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international, or local—at which scale is most tightly tied to profitability is often ahelpful guide to determining what constitutes a region.Basically this literature makes an important contribution to the field by showing thatsales and production activities in the MNE are regionally structured, we argue thatthis assessment is biased for two reasons. First, this approach overly focuses ongeographical location of downstream activities, while disregarding that of knowledgecreation and other relevant upstream activities in the MNE. Second, the approachassociates the firm’s value creation only with its internalized activities and does notcapture the value created through any activities that are externalized. Many MNEsrely to a significant extent on value creation outside the firm’s legal boundaries. Weargue that such omissions are likely to lead to biased interpretations using differenttheoretical lenses, such as the knowledge-/resource-based view, internalization theoryand more general transaction cost economics. the ‘regional strategy’ stream ofliterature that highlights the relevance of the region for MNE decision-making.Specifically, proponents of the ‘regional strategy’ perspective claim that most MNEstrategies are built around a regional locus, citing evidence from studies in thisliterature stream that show that by far the largest proportion of sales (74.6 per cent)and assets (75.5 per cent) forthe Fortune Global 500 are generated/deployed in the company’s home region (Rug-manand Verb eke, 2008). We do not dispute the empirical results presented in the VA pointpaper and other major papers of the regional strategy perspective. However, wecontend that the conclusions that are drawn from these empirical results are at oddswith the reality of today’s complex international business world. We argue that theseconclusions arise from some unstated assumptions as well as from a rather narrowinter-predation of transaction cost theory and the resource-based view of the firm. Inso doing, the regional strategy literature does not holistically incorporate the workingsof global value chains (GVCs) inside and outside a firm’s boundaries.Objective :Regional strategy based on the target for reach the product to the consumers.Globally this chain is processing by a group of team or employee of the organizations.Methodology :Data and necessary information is collected from “Journal ofmanagement”Findings :(1)Regional strategy is the process of distribute the product.(2) A combination of relation of internal or external activities of MNEs.Limitation :(1) Lack of available and reliable data (2) Lack of prior resource studies on the topic.iv.Risks and Opportunities of Participation in Global Value Chains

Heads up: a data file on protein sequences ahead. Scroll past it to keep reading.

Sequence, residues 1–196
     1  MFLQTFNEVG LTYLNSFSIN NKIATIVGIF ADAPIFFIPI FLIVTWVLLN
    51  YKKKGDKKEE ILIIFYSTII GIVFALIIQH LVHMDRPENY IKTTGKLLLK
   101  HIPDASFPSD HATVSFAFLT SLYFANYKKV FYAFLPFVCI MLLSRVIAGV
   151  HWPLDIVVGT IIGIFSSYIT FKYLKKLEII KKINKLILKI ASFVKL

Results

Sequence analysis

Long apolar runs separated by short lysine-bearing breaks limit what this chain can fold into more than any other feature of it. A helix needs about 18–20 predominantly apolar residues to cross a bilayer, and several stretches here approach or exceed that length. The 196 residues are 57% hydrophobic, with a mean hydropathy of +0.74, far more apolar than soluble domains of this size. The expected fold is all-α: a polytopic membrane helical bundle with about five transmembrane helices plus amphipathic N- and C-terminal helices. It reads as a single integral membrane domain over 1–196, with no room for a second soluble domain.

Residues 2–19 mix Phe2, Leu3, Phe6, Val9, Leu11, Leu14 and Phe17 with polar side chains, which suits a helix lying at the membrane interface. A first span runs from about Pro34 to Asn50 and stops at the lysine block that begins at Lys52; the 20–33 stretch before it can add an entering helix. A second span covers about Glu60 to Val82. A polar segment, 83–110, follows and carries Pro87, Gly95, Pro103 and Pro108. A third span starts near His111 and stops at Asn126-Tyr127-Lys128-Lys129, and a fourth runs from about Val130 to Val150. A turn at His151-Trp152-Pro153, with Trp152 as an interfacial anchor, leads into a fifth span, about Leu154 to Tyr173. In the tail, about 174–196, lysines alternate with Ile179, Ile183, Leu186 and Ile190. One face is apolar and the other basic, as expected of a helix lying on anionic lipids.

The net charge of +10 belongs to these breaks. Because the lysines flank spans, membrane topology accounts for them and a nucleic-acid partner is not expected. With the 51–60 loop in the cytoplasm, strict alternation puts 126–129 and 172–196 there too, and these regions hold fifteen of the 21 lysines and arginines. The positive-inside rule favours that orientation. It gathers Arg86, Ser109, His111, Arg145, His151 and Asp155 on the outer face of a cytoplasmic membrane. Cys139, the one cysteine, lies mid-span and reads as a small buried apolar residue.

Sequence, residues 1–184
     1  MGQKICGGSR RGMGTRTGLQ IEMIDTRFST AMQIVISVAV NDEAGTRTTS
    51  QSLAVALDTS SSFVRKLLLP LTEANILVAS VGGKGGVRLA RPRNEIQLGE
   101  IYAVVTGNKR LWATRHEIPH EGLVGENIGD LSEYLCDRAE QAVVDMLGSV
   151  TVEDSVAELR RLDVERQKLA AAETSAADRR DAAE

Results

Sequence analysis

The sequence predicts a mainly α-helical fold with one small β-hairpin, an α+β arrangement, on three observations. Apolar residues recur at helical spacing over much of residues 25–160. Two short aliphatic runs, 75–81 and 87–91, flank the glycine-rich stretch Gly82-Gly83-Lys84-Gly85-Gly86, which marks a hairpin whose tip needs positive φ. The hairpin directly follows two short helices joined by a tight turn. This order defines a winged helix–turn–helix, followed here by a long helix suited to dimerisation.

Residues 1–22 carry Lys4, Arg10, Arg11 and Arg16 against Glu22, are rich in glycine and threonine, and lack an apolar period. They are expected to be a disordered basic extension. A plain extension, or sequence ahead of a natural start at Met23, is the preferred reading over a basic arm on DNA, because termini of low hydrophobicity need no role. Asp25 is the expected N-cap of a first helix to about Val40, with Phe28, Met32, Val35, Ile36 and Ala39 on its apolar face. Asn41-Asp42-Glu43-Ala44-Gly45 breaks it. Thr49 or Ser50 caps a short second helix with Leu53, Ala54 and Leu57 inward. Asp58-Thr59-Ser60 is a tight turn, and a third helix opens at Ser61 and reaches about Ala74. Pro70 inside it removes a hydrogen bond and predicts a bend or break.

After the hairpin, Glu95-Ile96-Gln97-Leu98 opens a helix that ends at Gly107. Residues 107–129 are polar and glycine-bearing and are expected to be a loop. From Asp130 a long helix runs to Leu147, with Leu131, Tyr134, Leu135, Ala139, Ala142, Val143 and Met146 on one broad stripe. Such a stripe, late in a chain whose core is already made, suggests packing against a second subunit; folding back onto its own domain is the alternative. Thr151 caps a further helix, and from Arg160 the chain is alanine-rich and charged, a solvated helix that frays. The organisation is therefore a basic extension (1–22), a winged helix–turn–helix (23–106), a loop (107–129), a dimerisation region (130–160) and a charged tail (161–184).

Since the first industrial revolution, waves of technological improvement have changed the boundary of production and redefined the role of the state. The information and communication technology revolution has not only increased productivity, but has also